Monday, December 15, 2014

City of Angels: Some Thoughts

Bearing in mind I saw the first preview of City of Angels and could still smell the paint on the set, I can't really "review" it. Things may change between when I as the show and it is open to review.  But because I had been waiting 20 years to see a professional production again I thought there was some merit in talking about the work as I saw it and the production of this Cy Coleman-David Zippel-Larry Gelbart musical being revived at the Donmar Warehouse in London.

For those unfamiliar with the story, a New York writer Stine (Hadley Fraser) goes to Hollywood, like so many before him, to turn his hard-boiled detective character from his novels, Stone (Tam Mutu) into a movie. He butts heads with studio chief Buddy (Peter Polycarpou) and Stine's wife Gabby (Rosalie Craig) an author in her own right, goes back to New York for work. Left on his own he strays and has an affair with Buddy's secretary Donna (Rebecca Trehearn). And as he writes, his screenplay unfolds before the audience in black and white. We see him editing (the characters talk and move backwards) and incorporating people from his real technicolor life into the movie.  A jerk movie studio chief (also Polycarpou). A sexy and loyal secretary Oolie (also Trehearn) etc. In the movie within the musical Stone is hired to find Mallory (Samantha Barks), the missing stepdaughter of gold digging Alaura Kingsley (Catherine Kelly).  Stone takes the job but it turns out more might be going on than meets the eye.  Think something akin to a postmodern, wholly self-aware, comedic version of The Big Sleep with music.

Josie Rourke's production uses projections, lighting, and costumes to set up the black and white world of the movie against the color world of Stine. Typewritten text is projected, letter by letter, as Stine writes. The Donmar is a small space and many directors build up to utilize the space there. Stine often exists on the higher plane which is defined by endless piles of scripts or manuscripts and his typewriter--it's breathtaking.  The lower level allows for sliding doors to reveal Stone's office, Buddy's office, or various bedrooms. This ends up being used to greatest effect during the big Act one closing number, You're Nothing Without Me, where Stine and Stone fight and the color and B/W projections are used as a weapon by each to corner of trap the other. It's an inventive moment but the projections were otherwise a little dull.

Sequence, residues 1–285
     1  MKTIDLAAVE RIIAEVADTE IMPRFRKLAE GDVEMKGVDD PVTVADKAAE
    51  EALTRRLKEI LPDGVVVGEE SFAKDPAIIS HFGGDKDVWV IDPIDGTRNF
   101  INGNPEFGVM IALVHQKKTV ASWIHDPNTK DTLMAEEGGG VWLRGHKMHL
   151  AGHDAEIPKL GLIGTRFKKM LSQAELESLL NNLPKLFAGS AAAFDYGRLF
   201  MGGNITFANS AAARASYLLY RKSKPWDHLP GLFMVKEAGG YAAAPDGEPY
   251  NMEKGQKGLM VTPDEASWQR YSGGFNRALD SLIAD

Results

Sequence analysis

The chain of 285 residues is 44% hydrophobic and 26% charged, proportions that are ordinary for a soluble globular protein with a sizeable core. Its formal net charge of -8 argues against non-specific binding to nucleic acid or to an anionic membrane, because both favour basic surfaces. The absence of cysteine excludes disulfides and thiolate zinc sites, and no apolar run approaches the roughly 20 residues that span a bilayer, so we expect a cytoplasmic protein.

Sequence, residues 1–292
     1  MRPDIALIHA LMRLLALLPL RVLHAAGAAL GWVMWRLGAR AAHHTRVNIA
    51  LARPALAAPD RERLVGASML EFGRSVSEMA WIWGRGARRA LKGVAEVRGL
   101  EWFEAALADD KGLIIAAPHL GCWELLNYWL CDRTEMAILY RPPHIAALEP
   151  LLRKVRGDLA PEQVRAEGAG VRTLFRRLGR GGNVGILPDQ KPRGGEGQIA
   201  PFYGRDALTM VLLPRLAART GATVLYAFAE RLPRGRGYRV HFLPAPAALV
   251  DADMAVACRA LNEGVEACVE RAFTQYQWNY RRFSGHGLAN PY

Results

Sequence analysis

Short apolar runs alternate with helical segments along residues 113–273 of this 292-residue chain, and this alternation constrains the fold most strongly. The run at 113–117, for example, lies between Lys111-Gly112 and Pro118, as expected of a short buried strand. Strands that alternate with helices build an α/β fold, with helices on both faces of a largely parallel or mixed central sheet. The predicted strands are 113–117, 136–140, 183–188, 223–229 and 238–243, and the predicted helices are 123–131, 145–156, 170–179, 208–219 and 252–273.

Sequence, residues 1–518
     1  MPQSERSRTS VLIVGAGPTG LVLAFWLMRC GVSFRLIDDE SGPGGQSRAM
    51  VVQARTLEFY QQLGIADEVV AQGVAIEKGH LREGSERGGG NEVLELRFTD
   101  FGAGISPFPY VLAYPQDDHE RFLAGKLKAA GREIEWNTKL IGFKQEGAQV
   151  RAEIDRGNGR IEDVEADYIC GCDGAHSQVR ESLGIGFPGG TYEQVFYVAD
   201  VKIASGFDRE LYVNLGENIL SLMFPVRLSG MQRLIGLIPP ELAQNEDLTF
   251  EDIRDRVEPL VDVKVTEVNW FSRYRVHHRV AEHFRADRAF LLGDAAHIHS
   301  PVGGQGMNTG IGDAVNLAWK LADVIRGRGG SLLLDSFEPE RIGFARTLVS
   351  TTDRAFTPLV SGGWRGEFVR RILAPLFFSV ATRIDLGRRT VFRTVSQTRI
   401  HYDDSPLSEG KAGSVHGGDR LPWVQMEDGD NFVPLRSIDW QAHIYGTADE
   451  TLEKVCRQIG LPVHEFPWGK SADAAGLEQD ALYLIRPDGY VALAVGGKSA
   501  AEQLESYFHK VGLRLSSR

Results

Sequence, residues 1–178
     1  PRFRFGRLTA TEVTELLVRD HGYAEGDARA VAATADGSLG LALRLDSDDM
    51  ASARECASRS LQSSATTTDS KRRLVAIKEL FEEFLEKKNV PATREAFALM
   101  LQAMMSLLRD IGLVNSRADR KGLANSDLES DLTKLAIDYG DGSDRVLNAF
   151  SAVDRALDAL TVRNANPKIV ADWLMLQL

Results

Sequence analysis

First let's focus on the positives. Rosalie Craig's It Needs Work is a showstopper. She hits all the cynical and sass marks just right. She just strikes the right tone throughout the whole show when others don't always get there. Hadley Fraser's Funny also feels right on the mark. The bitterness and frustration bubbling over and he has the voice to carry it. I just wish he had more to sing.  I continue to be impressed by him--he's got the voice and the acting chops and he's a true pleasure to watch.  He and Mutu do an incredibly athletic rendition of You're Nothing Without Me and I could just listen to that number on repeat for hours. In fact I probably have.

Rebecca Trehearn could stand to smile less and play the cynicism of her characters more. She's got the voice and the look, I just think a little bit of happy dialed down to disappointment is called for for her character.  I think she is almost there, she just needs a few tweaks to her performance and then she'll hit the bullseye.  Tam Mutu clearly got this role because of his butt chin and the fact that if Kirk Douglas and Burt Lancaster had a baby it would be his face.  But I didn't love him. He just kind of played everything the same. Sure, he's a movie private detective and there's not a ton of depth there but he just felt kind of wooden. 

There were some troubling aspects of the production. First Rourke's 4-person ensemble, which carries the group song and dance numbers, is entirely made up of people of color. The performers double in several roles including backup singers to a crooner, household staff, and a police officer. I get that it's a period piece but it felt like a really distinct choice. I'm happy to see a diverse cast when they could have just white washed the whole show (it should also be said Marc Elliott who plays the Hispanic characters Munoz and Pancho who is part of the main cast is part-Indian) but there was something a little weird about the diversity focused on the unnamed ensemble--especially when there is an entire song in the musical about white privilege and Mexicans being kept down in the LAPD. The musical itself feels slightly more self-aware than the production did.  Giving Rourke the benefit of the doubt maybe it was used to identify the issues of the segregated world of Hollywood but something just felt off about it.  Maybe it wouldn't have been as troubling if they also didn't use Day of the Dead masks during the Latin dance number.  It's disappointing to see this kind of cultural appropriation.   

So the bottom line is this musical is just as fun, smart, and acerbic as I remember. But this production has some great things and some truly questionable choices.   Bottom line--we need a U.S. production stat.

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